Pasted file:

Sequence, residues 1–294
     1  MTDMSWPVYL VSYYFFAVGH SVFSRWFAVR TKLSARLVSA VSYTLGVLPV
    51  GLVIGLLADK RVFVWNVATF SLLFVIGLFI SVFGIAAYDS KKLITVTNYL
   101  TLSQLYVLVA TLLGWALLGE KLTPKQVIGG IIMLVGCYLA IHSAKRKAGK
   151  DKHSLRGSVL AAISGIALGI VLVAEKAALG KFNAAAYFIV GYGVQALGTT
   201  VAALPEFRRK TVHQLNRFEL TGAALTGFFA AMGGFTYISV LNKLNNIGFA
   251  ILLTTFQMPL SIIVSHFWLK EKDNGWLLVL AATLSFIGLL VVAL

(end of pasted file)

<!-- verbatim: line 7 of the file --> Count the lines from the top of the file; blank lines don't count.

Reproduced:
   251  ILLTTFQMPL SIIVSHFWLK EKDNGWLLVL AATLSFIGLL VVAL